Family Caregivers

How to Celebrate National Family Caregiver’s Month

National Caregiver's Month

For the majority of the five million people living with Alzheimer’s disease and other forms of dementia, their care is provided by a member of their family. Family caregivers are unpaid and typically have little formal training in dementia care; yet, they ensure the safety and well-being of many seniors in need. If you or someone you know is caring for a loved one with Alzheimer’s disease, it’s time to celebrate your hard work this November during National Family Caregiver’s Month.

Family Dynamics and Alzheimer’s: Tips on Adjusting to a New Normal

Memory Care and the Holidays: 9 Coping Tips for Caregivers

Memory Care and the Holidays

“As much as we all look forward to the joys of the holiday season, we also know from experience that it can be a very busy and sometimes stressful time of year,” says Lonette Bentley, Executive Director at Clarity Pointe™ Pensacola, the beautiful new memory care community opening this December in Pensacola, Florida. 

“For the increasing number of families providing memory care for loved ones with Alzheimer’s disease or other forms of dementia, the normal challenges of the busy holiday season can become even greater.”

The “Invisible Second Patients:” How Alzheimer’s Effects the Entire Family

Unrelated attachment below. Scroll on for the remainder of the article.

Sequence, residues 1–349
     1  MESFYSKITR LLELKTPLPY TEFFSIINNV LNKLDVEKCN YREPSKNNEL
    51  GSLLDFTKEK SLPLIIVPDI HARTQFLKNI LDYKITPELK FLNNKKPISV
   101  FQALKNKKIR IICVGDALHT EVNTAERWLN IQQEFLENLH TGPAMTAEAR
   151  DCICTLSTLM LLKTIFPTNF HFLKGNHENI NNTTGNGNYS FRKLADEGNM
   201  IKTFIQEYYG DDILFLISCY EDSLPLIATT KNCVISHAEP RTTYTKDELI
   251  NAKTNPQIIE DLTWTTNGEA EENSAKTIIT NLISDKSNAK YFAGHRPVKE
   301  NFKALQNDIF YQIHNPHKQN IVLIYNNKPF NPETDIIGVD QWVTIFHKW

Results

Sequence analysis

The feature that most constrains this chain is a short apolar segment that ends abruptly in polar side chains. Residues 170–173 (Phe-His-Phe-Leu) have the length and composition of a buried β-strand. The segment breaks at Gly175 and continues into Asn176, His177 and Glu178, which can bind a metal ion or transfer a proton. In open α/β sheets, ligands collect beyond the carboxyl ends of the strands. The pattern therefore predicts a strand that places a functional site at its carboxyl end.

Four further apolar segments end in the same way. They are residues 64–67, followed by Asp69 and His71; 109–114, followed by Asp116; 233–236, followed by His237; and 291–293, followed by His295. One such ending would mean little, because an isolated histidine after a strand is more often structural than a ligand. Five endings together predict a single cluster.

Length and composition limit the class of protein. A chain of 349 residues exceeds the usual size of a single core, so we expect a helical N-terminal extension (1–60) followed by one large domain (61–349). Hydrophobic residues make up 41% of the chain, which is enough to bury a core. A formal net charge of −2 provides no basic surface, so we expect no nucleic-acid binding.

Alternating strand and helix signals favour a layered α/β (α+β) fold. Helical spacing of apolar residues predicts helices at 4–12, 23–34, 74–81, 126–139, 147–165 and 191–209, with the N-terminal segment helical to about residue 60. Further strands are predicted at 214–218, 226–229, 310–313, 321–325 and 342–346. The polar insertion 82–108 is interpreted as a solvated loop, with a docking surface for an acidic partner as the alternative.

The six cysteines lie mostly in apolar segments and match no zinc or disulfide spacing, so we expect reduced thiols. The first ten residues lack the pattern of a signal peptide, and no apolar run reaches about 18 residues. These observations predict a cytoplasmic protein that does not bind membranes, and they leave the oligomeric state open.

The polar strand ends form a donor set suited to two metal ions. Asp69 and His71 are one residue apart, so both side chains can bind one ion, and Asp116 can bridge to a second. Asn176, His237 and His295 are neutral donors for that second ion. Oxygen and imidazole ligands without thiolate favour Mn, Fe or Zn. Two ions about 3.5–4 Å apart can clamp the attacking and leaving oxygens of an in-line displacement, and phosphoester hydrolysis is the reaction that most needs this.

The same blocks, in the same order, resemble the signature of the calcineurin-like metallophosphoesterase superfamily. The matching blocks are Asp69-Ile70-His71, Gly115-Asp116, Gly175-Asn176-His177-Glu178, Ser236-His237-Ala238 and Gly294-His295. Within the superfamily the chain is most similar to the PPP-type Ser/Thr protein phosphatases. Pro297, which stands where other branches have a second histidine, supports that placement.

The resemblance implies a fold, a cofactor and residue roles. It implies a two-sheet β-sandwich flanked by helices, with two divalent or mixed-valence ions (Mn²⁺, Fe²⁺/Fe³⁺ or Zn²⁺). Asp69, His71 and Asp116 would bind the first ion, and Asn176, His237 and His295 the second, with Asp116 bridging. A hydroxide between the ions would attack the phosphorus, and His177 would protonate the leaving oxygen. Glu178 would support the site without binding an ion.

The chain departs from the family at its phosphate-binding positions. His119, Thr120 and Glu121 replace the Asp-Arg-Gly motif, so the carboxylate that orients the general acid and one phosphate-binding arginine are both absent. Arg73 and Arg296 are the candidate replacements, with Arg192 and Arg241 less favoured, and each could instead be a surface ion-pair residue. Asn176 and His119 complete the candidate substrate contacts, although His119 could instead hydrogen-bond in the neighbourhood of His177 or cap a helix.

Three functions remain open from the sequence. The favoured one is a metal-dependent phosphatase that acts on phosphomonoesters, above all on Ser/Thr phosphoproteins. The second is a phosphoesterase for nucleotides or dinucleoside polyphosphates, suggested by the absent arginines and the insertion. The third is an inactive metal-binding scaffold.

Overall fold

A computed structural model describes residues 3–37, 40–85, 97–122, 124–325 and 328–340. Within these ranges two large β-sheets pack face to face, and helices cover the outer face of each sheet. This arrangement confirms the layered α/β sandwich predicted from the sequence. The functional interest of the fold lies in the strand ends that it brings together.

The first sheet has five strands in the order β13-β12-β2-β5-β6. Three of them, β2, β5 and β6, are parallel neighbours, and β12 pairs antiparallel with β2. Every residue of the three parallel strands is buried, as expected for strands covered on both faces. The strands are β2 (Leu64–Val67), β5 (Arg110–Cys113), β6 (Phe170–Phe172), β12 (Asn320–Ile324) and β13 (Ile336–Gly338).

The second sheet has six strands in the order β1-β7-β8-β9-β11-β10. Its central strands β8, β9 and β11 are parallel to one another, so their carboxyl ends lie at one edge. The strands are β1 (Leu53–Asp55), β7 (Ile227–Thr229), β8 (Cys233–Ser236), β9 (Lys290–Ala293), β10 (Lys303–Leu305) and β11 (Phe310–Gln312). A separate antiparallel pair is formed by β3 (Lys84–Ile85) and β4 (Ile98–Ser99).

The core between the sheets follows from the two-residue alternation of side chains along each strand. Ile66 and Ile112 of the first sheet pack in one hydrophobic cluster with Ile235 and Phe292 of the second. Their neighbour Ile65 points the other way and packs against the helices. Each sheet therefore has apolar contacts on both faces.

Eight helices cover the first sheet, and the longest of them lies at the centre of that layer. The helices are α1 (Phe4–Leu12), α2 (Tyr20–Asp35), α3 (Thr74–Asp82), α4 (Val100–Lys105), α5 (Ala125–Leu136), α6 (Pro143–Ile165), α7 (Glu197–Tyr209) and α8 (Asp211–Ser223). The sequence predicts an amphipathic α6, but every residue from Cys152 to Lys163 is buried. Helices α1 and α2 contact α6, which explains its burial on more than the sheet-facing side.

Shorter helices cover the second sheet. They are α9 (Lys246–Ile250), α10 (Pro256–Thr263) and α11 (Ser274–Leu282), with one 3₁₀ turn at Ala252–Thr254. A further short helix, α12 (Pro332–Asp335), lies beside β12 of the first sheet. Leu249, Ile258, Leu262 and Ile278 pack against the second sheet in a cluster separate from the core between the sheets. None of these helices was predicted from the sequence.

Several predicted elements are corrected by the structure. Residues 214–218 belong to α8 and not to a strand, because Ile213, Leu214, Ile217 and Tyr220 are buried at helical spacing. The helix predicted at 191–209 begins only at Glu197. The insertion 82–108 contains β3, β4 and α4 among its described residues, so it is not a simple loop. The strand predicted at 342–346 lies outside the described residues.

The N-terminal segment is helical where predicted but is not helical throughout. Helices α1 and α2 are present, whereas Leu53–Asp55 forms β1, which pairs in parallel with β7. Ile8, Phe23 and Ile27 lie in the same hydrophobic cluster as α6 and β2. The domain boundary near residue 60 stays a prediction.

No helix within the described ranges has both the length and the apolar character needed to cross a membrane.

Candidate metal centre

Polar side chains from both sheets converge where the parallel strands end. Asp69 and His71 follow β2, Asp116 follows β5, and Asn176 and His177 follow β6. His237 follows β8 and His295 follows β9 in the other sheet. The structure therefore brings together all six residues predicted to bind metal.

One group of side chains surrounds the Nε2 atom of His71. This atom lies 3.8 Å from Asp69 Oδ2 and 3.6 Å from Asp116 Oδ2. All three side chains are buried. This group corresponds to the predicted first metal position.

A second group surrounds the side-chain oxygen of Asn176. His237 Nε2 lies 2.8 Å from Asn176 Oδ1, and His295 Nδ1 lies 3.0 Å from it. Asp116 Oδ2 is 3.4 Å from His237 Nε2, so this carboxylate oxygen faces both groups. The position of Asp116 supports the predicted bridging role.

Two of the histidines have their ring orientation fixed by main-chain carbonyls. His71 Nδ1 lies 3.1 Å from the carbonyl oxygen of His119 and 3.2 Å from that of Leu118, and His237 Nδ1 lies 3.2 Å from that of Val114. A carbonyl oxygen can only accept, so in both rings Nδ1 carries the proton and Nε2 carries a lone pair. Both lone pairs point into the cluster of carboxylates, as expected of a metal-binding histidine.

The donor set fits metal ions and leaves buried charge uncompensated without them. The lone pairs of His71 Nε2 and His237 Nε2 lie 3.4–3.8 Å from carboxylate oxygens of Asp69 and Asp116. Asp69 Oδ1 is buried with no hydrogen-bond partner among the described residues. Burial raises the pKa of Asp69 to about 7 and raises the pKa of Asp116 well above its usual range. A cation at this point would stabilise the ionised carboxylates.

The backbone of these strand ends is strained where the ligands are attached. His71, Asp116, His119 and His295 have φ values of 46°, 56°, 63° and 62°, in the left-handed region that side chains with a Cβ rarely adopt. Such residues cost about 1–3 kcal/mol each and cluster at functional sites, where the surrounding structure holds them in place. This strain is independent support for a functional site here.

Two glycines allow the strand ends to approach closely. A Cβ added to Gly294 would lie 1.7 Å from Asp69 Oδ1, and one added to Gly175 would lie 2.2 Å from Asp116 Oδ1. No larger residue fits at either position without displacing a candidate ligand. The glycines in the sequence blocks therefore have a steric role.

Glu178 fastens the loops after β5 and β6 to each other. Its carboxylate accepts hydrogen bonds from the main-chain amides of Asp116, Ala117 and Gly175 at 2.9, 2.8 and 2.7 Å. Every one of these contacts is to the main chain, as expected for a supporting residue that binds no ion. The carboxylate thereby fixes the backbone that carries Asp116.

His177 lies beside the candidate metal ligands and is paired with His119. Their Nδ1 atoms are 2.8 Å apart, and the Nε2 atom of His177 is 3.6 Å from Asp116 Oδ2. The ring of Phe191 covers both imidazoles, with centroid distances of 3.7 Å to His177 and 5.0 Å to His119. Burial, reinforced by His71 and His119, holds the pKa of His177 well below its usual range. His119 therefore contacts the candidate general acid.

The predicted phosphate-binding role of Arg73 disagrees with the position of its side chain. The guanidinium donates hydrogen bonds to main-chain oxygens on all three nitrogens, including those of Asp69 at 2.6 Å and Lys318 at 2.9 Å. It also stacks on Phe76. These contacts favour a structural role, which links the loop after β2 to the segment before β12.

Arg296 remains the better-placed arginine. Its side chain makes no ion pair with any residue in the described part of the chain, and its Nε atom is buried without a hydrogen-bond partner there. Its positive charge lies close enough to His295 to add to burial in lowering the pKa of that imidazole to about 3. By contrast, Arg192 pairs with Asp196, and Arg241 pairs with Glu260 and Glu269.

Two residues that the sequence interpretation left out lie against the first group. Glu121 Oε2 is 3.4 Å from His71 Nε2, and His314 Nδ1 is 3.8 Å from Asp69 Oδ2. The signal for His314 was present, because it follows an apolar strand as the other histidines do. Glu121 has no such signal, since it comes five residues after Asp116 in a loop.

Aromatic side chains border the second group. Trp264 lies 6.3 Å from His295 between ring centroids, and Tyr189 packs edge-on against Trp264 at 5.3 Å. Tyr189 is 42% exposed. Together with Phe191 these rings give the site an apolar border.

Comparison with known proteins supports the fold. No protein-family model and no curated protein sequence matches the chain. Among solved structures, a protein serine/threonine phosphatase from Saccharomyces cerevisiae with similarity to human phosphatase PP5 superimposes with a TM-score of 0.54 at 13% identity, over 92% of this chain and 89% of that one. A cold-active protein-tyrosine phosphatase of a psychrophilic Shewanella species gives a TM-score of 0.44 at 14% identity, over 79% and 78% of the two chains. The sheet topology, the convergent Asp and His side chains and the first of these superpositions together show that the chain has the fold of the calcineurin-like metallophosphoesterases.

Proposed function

Alzheimer's Effects on the Family

Experts on the social dynamics of memory care advise that families can be profoundly affected by the ripple effect of caring for a loved one with Alzheimer’s disease and other forms of dementia.

In fact, the impact on families can be so extensive that primary caregivers have been called “the second victims of Alzheimer’s,” and families have been referred to as “the invisible patients.”

Clearly, progressive memory loss can impact normal family life in a variety of challenging ways.

Tips for Educating Your Family About Alzheimer’s Disease

Educating Your Family About Alzheimer’s Disease

Those who have a loved one with Alzheimer’s know that the disease is a family diagnosis. Everyone feels the stress of watching – and caring for – their loved one’s progressive illness. If you are the primary caregiver for someone with Alzheimer’s disease, the responsibility of educating your family and close friends, as well as keeping them updated on your loved one’s condition, usually falls to you.

5 Tips for Deciding When It’s Time For Memory Care Assisted Living

Helpful Tips for Coordinating Your Caregiving Team

Coping Tips for Caregivers: Coordinating Your Caregiving Team

7 Ways Respite Care Benefits You and Your Loved One with Memory Loss

“Although the many challenges of caring for loved ones living with Alzheimer’s disease and other forms of dementia are well documented, many people are unaware of the stress and anxiety it often creates for their primary caregivers,” says Amanda King, Executive Director at Clarity Pointe Jacksonville in Jacksonville, Fl. In fact, caregivers have frequently been referred to as “the second or silent victims” of Alzheimer’s disease.

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